Updated September 2014
I was at my desk at work when Arvin, an officemate, arrived carrying a long bulky item wrapped in brown cardboard and masking tape.
“Ay naku, galing akong Baguio nung long weekend. So syempre may nagpabili ng walis.” (I just came from Baguio during the long weekend, so of course someone asked me to buy a broom).
This scenario got me thinking of items that are really such a hassle to take home as pasalubong (souvenirs), but we still buy for the sake of friends and family when we travel.
A broom is not exactly the easiest (or most glamorous) thing to carry around and is impossible to stick in a backpack. But there must be something about Baguio brooms that make sweeping the house a breeze because people will ask you to buy them no matter how bulky or inconvenient it is for you to carry around. Aside from strawberries, ube jam, and fresh vegetables, the humble walis tambo remains one of the summer capital’s most requested pasalubong to the bane of many Baguio-bound tourists.
DURIAN FROM DAVAO
There’s a reason why durian is not allowed in hotels, aircon buses or as part of your check-in luggage aboard an aircraft. This “inconvenient fruit” can really stink up a place in no time and its distinctive smell will linger on your clothes and bags for a long time. While I am not a big fan of durian, I know some people who swear that it’s the most delicious fruit ever and take home boxes-full of durian (plus several crates of pomelo to boot) whenever they visit Davao. You don’t even have to tell your taxi driver where you came from. One whiff and he’ll know.
TUNA FROM GENSAN
I really prefer to travel light with no check-in luggage. Unfortunately if people know you are going to a place like the “tuna capital” General Santos City, their knee-jerk reaction is to immediately ask you to buy tuna, which makes me wonder, don’t markets here in Manila sell tuna too?
While tuna from GenSan may be fresher and cheaper, the airline’s check-in fees (if you happened not to pay for check-in luggage when you bought your ticket) — not so cheap. I paid an extra 400+ to check in the small cooler of tuna sashimi and tuna belly for the family.
ANY TYPE OF FRESH SEAFOOD
Any type of fresh seafood, whether it’s curacha from Zamboanga, bangus from Pangasinan, or scallops from Roxas City, can generally be a hassle to take home. Dried or bottled seafood products are much easier to pack. (TIP: When in Zamboanga, buy the special sauce from Alavar’s and just buy any type of seafood from your local market to get the same effect. The sauce is so worth it!)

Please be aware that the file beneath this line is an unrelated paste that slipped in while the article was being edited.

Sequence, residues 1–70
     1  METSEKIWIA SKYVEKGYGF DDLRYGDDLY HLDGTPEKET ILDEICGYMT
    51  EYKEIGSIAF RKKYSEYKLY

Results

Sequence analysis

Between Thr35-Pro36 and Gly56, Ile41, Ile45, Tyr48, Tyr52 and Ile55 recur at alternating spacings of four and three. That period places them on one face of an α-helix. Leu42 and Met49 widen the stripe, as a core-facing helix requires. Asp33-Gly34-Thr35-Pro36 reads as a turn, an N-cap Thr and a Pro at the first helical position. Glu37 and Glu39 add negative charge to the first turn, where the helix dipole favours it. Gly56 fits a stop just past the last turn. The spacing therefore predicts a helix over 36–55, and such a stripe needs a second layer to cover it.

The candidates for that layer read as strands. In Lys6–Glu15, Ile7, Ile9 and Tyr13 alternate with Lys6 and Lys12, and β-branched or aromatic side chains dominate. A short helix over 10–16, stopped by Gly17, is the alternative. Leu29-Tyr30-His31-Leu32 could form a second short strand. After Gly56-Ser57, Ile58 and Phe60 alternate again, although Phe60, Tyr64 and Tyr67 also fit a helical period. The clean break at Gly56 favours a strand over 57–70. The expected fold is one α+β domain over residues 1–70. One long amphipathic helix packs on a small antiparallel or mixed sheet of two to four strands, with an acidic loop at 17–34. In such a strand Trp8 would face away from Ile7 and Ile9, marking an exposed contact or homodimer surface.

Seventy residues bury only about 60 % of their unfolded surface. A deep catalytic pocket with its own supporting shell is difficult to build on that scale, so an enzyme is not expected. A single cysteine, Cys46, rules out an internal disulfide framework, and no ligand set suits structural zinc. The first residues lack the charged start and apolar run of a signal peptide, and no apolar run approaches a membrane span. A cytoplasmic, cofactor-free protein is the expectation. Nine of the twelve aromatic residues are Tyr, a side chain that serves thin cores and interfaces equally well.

Aside from the extra baggage allowance you’ll need for your styro cooler, you have to make sure to do your shopping right before your trip so everything is fresh. Despite the hassle, I find unique food like these to be more useful than typical mugs or souvenir shirts. Seeing your family enjoy eating it (or eating it yourself) may make the extra effort just worth your while. Make sure to cook fresh seafood at once though. I’ve learned the hard way that scallops don’t last long and had to throw out a whole batch which got all green and stinky by the time I decided to prepare baked scallops for dinner (2 days after I got back).
If you have a neighbor or relative who is an aspiring musician, think twice before mentioning that you’re gong to Cebu, lest they ask you to take home a guitar for them. Cebu-made guitars are popular with local and Filipino expats, who like to buy them as gifts or souvenirs. According to EverythingCebu, Cebu-made guitars use a variety of soft and hard wood (jackfruit, narra, black wood ebony and imported woods) and some guitars have intricate designs or are inlaid with shell crafts. The excellent craftsmanship also results in Cebu-made guitars having a “unique melodious sound.”
Of course, if you are traveling alone, heading to the airport carrying a guitar (not to mention the boxes of CnT lechon, danggit and dried mango for other people) is not an easy feat. 🙂
A relative told me that Filipinos abroad often ask friends back home to bring them a statue of Mama Mary or Sto. Nino when they visit. These statues made of a combination of fiberglass, wood and resin, are not exactly the easiest things to pack. Did you know that the red Sto. Nino is supposed to bring you good luck while the green one is said to bring financial success to your business? At least that’s what groups selling the products claim.
Thankfully, I haven’t had to do this yet but I can imagine how bigger statues would take up most of the space in one’s bag. But how do you say no to a religious aunt living alone abroad, especially if you are crashing a few nights at her place?
FURNITURE FROM VIGAN
Have you ever tried carrying an antique baul chest or solid wooden side-table home after a long bus ride? It’s not that fun. If you drove up to the heritage city specifically for furniture shopping, it shouldn’t be much of a problem. But being asked by relatives to take home heavy items from Calle Crisologo’s antique furniture shops when you’re commuting isn’t that easy. Some shops offer delivery service to Manila for bigger items like beds and cabinets, but the extra charge isn’t worth it for smaller (yet still heavy) wooden items. Same thing goes for those huge cement vases and landscaping garden ornaments that I was peer-pressured into buying during a stopover. In the future, I’ll stick with longganisa and bagnet.
No matter how bulky, inconvenient, smelly or heavy these souvenirs may be to carry, a lot of people will forego the hassle just to bring some joy to loved ones back home. That’s the Pinoy way! What’s the most inconvenient pasalubong you’ve ever had to take home?
NOTE: A version of this blog post was published as “Hassle-full Souvenirs” in ZestAir Inflight Magazine Nov-Dec 2011 issue.